My daughter’s backpack always comes home filled with interesting things – art projects, homework assignments, half-eaten lunches. Two days ago, an unexpected letter was there. It notified us that the students at her elementary school would be discussing diversity, accepting differences and peer pressure as part of our district’s anti-bullying focus.
I was extremely glad this was happening at our schools at a young age. My husband and I, like many involved parents, teach our kids to respect others and our differences. We’ve told them never to harm anyone physically or emotionally (and to tell us if someone’s trying to harm them). We hope they will internalize this to the point of making good choices when we’re not there to guide them, like the 30 hours a week they’re with their classmates. We believe this is the foundation needed to ensure they do not become bullies and will not tolerate it from others. Having the school nurture the same is invaluable and the kind of partnership parents and schools need to deal with bullying in the age of the Internet.
I realize we are now experiencing the impact of a Massachusetts law passed earlier this year requiring schools to deal with bullying in a comprehensive and proactive way. It was passed in response to recent cyberbullying cases ending in suicides, such as that of Phoebe Prince. The law clearly states that bullying, including “through the use of technology or an electronic device”, is prohibited. School districts are required to have prevention and intervention measures in place, to train staff and students accordingly, and to involve parents and community in the process. But while I am not a lawyer and after reading through the details of the law, I did not see any minimum age requirement to begin educating students.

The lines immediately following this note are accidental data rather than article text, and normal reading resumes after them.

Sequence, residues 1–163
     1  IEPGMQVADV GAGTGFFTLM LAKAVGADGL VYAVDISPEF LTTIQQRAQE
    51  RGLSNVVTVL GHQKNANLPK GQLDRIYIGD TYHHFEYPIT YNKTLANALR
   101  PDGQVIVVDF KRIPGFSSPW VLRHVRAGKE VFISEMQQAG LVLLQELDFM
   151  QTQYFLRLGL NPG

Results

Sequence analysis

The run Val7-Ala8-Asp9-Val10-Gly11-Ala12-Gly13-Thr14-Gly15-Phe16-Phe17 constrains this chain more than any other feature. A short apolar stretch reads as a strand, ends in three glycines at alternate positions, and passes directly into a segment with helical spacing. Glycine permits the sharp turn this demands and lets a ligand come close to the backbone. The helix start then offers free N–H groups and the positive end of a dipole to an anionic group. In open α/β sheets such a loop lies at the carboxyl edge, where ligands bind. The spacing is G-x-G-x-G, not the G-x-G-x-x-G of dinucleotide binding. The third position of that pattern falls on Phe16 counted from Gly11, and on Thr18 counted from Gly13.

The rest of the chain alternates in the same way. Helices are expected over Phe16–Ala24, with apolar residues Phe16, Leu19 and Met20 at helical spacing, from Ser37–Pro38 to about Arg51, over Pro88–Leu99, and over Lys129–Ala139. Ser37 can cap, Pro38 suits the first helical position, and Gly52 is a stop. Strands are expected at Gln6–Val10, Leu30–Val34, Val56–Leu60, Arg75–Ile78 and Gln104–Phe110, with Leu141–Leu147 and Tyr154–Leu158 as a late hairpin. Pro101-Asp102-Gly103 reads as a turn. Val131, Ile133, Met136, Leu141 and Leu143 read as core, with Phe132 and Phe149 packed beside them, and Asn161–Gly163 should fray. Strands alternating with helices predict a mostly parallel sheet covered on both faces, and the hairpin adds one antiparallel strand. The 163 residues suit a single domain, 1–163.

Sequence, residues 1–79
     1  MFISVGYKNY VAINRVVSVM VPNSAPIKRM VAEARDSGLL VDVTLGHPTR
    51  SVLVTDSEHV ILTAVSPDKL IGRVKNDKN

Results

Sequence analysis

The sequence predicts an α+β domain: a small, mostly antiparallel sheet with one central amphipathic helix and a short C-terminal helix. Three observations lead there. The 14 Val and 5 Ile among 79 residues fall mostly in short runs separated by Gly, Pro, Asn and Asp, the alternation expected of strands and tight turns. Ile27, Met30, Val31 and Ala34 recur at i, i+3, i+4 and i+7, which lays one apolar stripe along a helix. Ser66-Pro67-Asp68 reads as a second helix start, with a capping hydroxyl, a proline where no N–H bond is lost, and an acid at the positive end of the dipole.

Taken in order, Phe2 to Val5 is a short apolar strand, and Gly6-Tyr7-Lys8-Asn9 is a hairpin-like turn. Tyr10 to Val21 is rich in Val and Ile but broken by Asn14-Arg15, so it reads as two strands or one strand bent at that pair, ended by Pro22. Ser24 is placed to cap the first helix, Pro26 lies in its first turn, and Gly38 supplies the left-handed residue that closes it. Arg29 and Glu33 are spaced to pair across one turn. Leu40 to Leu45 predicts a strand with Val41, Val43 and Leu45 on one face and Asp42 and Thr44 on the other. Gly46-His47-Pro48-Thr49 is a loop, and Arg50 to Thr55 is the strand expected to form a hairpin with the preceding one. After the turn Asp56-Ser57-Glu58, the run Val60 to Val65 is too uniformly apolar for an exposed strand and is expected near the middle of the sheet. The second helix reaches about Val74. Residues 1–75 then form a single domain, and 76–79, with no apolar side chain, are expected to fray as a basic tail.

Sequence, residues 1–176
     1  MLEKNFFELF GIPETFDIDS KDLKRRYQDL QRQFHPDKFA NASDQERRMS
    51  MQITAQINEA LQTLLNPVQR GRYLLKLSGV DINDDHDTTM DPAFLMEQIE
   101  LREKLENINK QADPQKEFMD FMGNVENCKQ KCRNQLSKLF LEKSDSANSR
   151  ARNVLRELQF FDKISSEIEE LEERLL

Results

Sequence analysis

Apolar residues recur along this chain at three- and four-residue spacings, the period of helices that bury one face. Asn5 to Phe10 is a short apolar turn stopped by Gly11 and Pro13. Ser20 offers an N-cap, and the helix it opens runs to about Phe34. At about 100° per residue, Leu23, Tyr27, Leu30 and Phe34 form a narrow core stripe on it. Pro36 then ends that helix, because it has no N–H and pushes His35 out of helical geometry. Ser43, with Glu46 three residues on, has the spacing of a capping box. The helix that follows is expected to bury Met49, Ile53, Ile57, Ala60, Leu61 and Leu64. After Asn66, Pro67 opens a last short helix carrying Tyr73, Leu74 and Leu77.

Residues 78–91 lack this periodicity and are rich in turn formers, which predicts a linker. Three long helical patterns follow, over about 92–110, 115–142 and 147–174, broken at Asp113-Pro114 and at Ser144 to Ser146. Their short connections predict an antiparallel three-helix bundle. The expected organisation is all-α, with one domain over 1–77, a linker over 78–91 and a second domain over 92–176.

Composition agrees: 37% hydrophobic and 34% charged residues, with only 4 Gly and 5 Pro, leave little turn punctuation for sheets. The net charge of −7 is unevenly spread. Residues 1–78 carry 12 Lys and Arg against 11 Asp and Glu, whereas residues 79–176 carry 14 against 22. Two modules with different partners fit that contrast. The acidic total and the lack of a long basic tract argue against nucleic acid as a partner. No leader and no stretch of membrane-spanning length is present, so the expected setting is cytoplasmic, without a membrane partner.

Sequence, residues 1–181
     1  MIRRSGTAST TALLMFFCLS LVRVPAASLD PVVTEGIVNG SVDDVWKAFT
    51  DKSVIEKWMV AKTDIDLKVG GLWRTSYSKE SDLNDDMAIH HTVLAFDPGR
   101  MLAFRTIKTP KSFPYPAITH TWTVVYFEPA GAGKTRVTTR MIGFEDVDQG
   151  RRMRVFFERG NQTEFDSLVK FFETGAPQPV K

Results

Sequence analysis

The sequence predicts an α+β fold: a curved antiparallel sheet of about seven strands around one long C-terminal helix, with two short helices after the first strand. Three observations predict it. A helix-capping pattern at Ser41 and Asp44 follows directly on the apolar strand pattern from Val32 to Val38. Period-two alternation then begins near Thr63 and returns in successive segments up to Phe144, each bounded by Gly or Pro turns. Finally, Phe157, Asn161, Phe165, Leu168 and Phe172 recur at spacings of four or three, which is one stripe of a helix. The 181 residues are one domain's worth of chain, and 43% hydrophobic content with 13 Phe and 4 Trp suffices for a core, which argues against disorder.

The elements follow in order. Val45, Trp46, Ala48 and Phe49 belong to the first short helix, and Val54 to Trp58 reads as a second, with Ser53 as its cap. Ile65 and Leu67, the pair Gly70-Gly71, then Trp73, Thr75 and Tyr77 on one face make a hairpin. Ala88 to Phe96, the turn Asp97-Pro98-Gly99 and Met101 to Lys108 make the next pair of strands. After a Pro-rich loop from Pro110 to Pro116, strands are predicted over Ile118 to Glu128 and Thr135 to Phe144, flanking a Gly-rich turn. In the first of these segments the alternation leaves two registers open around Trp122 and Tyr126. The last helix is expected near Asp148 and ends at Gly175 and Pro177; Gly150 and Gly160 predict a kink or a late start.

Kudos to our school district for including kids my daughter’s age in the process. It makes sense to begin as early as possible since some of the technology used to bully today are ending up in younger hands.
And as far as involving parents in the process, I anxiously await to see how this will unfold. Today we received an email from the superintendent telling us the process had begun and the program would be rolled out soon, and I will be monitoring (and critiquing on this blog) the progress. . I am not suggesting that cyberbullying should be solved solely by schools. Teaching good behavior is the purview of parents and guardians. But the challenge of cyberbullying is that it’s happening in the ether – neither at school nor at home. It happens many times between students from the same school, but the technology used and the time it is done is often at home. I believe a common understanding of the issues and shared responsibility to prevent and intervene is needed between parents and schools. It could go a long way to getting a whole community to stand up to bullying online and off.